Here's a nationwide look at the pending and passed proposals.
Small business owners know that when cities and states raise the minimum wage, it often leads to increased labor costs and tough choices. To reduce costs following a minimum wage hike, employers are often forced to make difficult decisions such as cutting jobs, reducing employees’ hours, or reducing benefits.
NFIB members visited Washington, D.C., in July to talk about a bill to raise the federal minimum wage. In addition to the federal legislation, many local governments are considering similar plans to raise the minimum wage in cities and states across the nation.
Over the years, proponents of a higher minimum wage have increasingly turned to ballot initiatives when they haven’t been able to secure victory through the legislature. Their focus also has broadened to include localities.
For example, several major cities—such as Seattle, Chicago, and San Francisco—have mandated minimum wage increases on their own, and Colorado recently passed legislation to allow local governments to establish their own minimum wages.
Measures That Took Effect This Year
According to the National Conference of State Legislatures, 18 states began 2019 with higher minimum wages, either because of automatic cost-of-living increases (*) or previously approved legislation or ballot initiatives (^). However, state wages may differ depending on business size or gross earnings. If you own a business in California, Minnesota, Missouri, Montana, New York, or Ohio, visit your state’s government workforce or labor website for details.
Below are current state rates and the cause of increase for those 18 states:
- Alaska*: $9.89
- Arizona^: $11
- Arkansas^: $9.25
- California^: $12
- Colorado^: $11.10
- Florida*: $8.46
- Maine^: $11
- Massachusetts^: $12
- Minnesota*: $9.86
- Missouri^: $8.60
- Montana*: $8.50
- New Jersey*: $8.85
- New York^: $11.10
- Ohio*: $8.55
- Rhode Island^: $10.50
- South Dakota*: $9.10
- Vermont*: $10.78
- Washington^: $12
Additionally, Michigan’s minimum wage increased to $9.45 on Mar. 29. On July 1, Washington, D.C.’s minimum wage will increase to $14. Oregon’s minimum wage will increase to a standard rate of $11.25 for most of northwest Oregon, $11 for nonurban counties, and $12.50 for Portland Metro. Delaware’s minimum wage will increase to $9.25 on Oct. 1.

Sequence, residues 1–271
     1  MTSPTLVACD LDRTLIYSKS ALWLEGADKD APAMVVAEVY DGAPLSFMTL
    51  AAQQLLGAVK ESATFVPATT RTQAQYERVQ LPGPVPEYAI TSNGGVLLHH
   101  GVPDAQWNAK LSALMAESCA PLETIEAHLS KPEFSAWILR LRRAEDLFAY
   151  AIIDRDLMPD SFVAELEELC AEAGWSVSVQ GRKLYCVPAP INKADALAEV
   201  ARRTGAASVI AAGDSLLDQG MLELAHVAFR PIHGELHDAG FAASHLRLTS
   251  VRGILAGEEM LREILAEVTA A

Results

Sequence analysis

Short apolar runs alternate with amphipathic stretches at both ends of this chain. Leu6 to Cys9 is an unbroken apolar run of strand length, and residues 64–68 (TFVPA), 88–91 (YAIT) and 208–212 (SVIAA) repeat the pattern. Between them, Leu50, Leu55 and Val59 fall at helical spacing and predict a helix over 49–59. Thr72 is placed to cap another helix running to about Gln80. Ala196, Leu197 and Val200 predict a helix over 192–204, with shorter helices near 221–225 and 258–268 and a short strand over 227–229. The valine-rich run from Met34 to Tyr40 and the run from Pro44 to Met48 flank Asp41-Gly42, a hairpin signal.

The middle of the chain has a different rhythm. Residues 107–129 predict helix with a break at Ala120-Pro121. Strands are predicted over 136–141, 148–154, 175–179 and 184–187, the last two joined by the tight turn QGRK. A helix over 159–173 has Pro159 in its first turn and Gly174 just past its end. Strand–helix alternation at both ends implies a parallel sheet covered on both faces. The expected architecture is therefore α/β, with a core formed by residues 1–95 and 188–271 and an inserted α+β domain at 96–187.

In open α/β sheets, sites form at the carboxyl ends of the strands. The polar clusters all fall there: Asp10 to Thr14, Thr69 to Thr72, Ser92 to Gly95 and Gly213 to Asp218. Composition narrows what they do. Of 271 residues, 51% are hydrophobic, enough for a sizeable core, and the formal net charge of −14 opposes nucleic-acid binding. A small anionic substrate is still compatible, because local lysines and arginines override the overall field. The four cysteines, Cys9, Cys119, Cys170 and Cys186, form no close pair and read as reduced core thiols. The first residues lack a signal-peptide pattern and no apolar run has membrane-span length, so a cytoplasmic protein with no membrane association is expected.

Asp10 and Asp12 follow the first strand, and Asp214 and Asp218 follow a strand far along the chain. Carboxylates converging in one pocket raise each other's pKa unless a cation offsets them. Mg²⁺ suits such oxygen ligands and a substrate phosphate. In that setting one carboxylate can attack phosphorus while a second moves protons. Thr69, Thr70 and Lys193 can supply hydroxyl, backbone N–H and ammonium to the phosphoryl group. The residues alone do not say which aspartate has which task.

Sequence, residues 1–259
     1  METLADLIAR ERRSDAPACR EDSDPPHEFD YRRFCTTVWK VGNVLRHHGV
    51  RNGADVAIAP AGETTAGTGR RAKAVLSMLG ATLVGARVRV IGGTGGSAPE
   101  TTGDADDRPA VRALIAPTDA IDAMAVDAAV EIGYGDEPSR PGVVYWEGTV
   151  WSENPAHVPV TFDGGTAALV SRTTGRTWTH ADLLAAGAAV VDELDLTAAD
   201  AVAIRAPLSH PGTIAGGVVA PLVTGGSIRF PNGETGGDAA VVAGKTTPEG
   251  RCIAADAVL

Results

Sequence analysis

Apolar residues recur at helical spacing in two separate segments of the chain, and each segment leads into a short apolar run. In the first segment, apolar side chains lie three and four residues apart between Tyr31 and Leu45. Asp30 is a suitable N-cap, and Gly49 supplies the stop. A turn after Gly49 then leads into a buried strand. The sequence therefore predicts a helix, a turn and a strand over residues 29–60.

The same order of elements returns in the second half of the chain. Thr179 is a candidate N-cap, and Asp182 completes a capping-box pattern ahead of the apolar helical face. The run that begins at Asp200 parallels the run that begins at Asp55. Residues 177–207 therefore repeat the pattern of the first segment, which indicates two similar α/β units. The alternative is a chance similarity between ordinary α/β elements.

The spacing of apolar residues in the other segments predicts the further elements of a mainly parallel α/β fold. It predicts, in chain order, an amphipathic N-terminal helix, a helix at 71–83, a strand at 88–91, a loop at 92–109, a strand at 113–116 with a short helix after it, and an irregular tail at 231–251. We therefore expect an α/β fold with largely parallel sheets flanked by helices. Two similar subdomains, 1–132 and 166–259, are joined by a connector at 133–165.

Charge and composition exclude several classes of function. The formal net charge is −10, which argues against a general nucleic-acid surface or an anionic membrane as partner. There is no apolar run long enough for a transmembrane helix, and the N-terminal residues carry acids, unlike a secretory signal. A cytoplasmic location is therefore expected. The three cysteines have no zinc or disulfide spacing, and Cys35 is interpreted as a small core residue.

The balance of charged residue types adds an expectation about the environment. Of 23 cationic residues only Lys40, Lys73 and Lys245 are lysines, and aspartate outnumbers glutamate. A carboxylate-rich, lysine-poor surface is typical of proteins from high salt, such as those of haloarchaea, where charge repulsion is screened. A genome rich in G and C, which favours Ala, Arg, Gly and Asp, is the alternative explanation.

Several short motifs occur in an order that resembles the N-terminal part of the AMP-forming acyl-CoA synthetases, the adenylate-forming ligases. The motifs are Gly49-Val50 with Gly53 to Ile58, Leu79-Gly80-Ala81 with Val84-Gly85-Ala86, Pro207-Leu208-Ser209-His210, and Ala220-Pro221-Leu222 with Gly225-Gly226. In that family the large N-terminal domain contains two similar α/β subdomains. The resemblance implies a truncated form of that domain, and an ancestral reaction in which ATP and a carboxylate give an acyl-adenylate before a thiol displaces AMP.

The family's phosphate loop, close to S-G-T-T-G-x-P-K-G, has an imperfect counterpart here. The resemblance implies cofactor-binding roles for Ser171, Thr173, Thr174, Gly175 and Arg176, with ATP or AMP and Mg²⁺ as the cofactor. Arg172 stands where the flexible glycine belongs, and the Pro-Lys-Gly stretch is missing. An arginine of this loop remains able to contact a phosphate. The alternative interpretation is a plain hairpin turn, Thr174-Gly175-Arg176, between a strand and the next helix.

New Increases on the Horizon
So far in 2019, six other states—Illinois, New Jersey, New Mexico, Connecticut, Nevada, Maryland—have passed new increases.
- Illinois: The hourly minimum wage rise to $9.25 on Jan. 1, 2020; $10 on July 1, 2020; and an additional $1 per hour every Jan. 1 through 2025 until the state’s minimum wage hits $15. “The majority of our members are very concerned about the eventual impact the 80 percent wage hike will have because they know this will force all hourly wages to increase,” said NFIB’s Illinois State Director Mark Grant. “Even those who pay far more than minimum wage know that costs for other services and products are going to rise. Some are making plans to relocate part or all of their business to another state, while others are considering closing their business.”
- New Jersey: For most employers, New Jersey’s minimum wage will rise $1 per hour starting July 1, 2019 and continue to increase every Jan. 1 until the minimum wage reaches $15 in 2024.
- New Mexico: The state’s base wage will increase to $9 on Jan. 1, 2020; $10.50 on Jan. 1, 2021; $11.50 on Jan. 1., 2022; and $12 on Jan. 1, 2023.
- Connecticut: The hourly minimum wage will increase to $11.00 on October 1, 2019; $12.00 on September 1, 2020; $13.00 on August 1, 2021; $14.00 on July 1, 2022; and $15.00 on June 1, 2023.
- Nevada: The hourly minimum wage will increase by 75 cents each year starting Jan. 1, 2020, raising the current wage to $9; $9.75 on Jan. 1, 2021; $10.50 on Jan. 1, 2020; $11.25 on Jan. 1, 2023; $12 on Jan. 1, 2024.
- Maryland: The minimum wage will also rise to $15 through gradual increases by 2025 for businesses with at least 15 or 2026 for businesses with fewer than 15 employees. Unlike some other states, the increases differ by business size. “Our members have been saying this will throw a wrench in their plans to hire additional workers,” NFIB’s Maryland State Director Mike O’Halloran says. “Many of them are also reconsidering their workers’ schedules and benefits.”
The Debate Continues
Finally, while 32 total states have introduced legislation in 2019 to increase their minimum wage, two—Maine and New Hampshire—currently have active pending measures.